Scientists who were researching the microbial life from volcanic vents found out some incredible things about the ocean landscapes from the seafloor from the coast of California.
The team was led by an associate professor named Samantha Joye from the University of Georgia. They had in mind to explore sites from the northern and southern Gulf of California. They were supposed to analyze how microorganisms can live in the hot waters by the vents.
There are some images that are coming from the ROV SuBastian, which is a sub that is able to take samples and images around these vents. It’s operated from the Schmidt Ocean Institute’s research vessel, Falkor.
What about the towers?
They stated they had discovered incredible towers, where the surface was occupied by a type of life. The colors, which were vibrant, were found on the living rocks, and they showed diversity in the biological composition and in the mineral distributions.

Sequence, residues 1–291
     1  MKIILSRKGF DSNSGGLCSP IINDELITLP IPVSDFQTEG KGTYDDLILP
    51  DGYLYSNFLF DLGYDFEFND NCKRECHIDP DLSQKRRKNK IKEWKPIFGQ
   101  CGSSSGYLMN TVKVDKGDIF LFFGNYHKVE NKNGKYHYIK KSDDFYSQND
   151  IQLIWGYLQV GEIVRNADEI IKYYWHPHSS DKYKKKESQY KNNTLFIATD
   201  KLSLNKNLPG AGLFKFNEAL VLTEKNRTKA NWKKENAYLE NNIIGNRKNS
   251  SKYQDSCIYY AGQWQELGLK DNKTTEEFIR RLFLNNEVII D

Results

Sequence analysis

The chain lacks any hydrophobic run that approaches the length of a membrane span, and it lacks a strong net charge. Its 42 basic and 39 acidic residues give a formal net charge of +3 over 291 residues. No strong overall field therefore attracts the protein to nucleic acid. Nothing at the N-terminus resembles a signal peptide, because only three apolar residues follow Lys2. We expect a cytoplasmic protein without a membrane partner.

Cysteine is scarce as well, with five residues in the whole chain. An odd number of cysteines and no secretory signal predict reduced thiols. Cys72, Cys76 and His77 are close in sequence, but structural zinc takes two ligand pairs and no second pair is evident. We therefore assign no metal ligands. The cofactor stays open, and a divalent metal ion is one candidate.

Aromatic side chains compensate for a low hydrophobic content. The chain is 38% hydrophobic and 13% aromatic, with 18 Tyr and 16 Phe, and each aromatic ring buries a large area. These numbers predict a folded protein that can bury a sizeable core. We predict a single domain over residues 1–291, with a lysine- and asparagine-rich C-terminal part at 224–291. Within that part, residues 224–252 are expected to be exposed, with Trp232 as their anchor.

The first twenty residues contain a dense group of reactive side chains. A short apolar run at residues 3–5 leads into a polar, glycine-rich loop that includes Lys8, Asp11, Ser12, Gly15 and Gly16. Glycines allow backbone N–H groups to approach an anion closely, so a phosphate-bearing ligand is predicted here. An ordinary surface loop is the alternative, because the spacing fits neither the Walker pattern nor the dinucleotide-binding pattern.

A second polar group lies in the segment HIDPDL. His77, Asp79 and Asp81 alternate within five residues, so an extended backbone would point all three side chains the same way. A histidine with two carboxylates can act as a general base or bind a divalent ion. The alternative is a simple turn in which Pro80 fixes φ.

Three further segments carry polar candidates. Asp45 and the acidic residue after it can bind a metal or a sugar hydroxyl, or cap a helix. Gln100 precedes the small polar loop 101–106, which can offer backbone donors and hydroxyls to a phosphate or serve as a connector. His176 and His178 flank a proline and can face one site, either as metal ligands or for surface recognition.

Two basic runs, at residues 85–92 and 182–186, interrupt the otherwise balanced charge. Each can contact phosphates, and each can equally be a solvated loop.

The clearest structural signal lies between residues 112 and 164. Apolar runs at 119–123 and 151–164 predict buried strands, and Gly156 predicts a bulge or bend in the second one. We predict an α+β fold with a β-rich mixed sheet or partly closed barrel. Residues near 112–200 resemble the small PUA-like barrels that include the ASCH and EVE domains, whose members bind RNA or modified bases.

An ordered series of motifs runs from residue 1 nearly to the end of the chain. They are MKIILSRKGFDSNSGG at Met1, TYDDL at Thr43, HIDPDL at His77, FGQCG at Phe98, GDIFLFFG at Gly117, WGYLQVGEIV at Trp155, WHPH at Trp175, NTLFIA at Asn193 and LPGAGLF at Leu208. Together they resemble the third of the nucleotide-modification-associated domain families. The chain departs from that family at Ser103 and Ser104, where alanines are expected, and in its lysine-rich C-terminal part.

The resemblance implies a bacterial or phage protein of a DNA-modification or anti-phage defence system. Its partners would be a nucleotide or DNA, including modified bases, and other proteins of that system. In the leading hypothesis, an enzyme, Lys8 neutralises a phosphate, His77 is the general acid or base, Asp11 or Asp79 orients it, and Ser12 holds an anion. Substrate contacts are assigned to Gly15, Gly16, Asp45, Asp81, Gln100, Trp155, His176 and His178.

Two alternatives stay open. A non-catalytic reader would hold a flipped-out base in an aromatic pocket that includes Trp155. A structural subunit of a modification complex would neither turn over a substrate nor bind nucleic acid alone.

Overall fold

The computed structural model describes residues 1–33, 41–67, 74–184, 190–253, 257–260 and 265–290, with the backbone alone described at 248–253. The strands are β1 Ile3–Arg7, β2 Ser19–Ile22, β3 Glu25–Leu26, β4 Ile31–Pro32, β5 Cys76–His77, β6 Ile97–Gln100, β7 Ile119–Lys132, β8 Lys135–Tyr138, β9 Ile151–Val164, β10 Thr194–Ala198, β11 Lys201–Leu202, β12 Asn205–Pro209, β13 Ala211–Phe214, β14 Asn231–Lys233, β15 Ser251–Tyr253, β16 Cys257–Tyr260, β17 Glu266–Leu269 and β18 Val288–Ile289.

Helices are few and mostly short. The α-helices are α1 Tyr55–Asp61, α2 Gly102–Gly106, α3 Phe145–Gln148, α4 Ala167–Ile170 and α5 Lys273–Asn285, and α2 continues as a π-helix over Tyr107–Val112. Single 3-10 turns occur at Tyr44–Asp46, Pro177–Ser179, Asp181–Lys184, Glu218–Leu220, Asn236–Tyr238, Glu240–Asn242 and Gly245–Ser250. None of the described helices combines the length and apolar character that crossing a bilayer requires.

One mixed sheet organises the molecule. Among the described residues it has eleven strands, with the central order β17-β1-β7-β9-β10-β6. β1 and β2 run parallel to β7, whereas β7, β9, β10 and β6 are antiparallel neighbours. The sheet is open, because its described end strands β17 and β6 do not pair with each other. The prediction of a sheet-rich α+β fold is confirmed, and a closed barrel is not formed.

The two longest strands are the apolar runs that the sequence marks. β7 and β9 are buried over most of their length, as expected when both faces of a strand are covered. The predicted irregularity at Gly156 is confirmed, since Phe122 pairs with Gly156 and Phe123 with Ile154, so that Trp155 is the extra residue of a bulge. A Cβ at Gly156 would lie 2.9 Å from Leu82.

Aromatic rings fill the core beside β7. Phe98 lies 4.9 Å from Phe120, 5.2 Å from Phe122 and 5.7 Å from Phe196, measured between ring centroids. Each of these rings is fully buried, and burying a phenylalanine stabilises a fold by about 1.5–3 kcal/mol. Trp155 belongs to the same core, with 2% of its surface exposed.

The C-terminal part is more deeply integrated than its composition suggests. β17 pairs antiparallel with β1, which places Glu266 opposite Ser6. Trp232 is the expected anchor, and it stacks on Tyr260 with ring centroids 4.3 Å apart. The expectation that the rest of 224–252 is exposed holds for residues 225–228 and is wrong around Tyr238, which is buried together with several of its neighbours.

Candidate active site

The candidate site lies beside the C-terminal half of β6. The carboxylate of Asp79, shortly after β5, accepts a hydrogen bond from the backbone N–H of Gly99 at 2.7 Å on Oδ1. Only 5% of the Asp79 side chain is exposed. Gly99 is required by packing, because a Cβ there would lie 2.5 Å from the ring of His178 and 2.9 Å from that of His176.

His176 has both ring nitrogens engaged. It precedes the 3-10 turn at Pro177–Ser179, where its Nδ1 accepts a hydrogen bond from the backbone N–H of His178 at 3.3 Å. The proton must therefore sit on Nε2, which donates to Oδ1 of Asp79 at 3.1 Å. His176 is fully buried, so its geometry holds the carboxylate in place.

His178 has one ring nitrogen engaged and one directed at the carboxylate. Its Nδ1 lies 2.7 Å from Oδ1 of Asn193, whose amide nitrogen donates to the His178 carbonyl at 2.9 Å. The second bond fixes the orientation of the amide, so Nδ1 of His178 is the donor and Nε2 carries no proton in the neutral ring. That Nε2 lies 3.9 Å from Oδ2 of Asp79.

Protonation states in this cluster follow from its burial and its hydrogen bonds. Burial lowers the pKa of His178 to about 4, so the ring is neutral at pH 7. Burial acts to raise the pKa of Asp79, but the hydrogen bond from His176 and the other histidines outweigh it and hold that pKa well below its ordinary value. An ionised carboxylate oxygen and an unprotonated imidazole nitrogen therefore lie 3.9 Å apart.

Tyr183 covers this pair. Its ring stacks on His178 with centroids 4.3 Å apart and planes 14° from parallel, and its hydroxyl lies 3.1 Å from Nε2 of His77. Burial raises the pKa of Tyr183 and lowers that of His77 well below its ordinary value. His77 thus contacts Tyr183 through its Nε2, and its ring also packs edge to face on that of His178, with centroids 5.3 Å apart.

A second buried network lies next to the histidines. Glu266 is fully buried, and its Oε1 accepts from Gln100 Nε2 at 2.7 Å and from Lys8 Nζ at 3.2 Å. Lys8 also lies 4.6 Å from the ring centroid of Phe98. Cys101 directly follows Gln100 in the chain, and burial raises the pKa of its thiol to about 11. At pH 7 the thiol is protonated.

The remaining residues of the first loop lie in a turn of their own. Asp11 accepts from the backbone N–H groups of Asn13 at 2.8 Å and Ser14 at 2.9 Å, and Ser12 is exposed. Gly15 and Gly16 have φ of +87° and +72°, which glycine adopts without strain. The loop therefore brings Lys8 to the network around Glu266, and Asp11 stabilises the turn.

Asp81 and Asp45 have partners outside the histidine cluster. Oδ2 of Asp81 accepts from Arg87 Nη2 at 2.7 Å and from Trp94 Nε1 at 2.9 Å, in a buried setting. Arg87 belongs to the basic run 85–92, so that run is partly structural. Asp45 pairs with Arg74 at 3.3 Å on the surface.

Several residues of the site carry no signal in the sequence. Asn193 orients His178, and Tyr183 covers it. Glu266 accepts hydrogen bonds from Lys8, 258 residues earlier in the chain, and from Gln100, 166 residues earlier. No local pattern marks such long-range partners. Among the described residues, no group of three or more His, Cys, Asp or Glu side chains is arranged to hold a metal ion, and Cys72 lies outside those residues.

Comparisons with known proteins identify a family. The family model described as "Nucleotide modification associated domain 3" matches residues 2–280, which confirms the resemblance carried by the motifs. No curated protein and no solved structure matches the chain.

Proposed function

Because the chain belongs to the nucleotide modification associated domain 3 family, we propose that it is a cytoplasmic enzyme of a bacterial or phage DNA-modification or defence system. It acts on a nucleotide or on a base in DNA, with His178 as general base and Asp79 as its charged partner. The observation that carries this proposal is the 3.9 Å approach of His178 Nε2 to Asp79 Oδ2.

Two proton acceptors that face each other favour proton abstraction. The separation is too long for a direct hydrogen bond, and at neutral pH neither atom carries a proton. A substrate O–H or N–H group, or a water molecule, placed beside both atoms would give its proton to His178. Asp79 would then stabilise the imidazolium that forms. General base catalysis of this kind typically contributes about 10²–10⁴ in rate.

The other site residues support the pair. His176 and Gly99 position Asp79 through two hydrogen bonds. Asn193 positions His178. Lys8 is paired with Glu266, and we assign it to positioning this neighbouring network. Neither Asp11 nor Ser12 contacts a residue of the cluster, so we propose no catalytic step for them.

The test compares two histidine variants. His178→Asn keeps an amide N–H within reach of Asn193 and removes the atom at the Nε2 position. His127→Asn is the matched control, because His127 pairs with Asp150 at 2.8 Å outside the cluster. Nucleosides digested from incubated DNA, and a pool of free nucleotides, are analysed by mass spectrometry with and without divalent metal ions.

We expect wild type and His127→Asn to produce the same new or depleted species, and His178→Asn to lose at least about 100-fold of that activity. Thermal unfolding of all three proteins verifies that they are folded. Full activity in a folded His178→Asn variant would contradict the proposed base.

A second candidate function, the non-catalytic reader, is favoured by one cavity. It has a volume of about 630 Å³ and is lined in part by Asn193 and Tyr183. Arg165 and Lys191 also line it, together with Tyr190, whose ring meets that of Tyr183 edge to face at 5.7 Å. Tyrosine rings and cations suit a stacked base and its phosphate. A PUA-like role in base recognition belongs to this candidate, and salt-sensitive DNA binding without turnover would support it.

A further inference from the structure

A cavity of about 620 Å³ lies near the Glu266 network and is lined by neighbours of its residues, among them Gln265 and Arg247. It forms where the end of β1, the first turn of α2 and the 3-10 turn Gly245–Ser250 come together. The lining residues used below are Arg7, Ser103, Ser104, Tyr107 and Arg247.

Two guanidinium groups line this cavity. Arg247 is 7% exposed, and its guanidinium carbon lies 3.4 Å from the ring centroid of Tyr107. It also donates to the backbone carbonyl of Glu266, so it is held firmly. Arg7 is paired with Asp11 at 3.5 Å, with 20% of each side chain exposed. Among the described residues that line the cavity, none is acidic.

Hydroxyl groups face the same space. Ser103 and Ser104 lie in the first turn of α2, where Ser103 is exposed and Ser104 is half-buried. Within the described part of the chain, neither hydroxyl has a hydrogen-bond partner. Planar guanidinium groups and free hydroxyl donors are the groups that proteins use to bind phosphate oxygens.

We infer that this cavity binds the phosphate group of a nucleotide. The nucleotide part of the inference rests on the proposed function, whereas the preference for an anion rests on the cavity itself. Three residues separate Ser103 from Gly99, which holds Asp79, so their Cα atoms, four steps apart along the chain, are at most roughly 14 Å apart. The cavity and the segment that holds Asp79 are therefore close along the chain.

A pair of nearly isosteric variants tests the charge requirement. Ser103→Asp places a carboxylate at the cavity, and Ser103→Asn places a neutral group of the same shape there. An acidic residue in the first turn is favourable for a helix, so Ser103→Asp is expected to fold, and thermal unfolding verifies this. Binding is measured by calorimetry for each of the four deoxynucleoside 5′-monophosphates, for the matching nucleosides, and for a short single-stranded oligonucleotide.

Researchers are gathering microbes, and they’re analyzing their DBA from the boat, by making the most out of handheld sequencers. Then, on the shore, they are changing the equipment with a more advanced one. By now, they have visited eight sites in the Gulf.
However, the team was not only looking for microbes. They discovered geological formations, too. That means they also found mineral towers, which were 23 meters high (that’s 75.5 feet) and 10 meters (that’s 33 feet) across. These towers had metals and Sulphur, and they made hot fluids, of 366 degrees Celsius (that’s 690 degrees Fahrenheit). This hotter fluid seemed to combine parts of to tower, thing that led to the creation of the mirror effect.
The results of this research are not out yet. We’re expecting to find out even more interesting things.
Meagan Kozlovs is a reporter for Debate Report. She’s worked and interned at Global News Toronto and CHECX. Megan is based in Toronto and covers issues affecting her city. In addition to her severe milk shake addiction, she’s a Netflix enthusiast, a red wine drinker, and a voracious reader.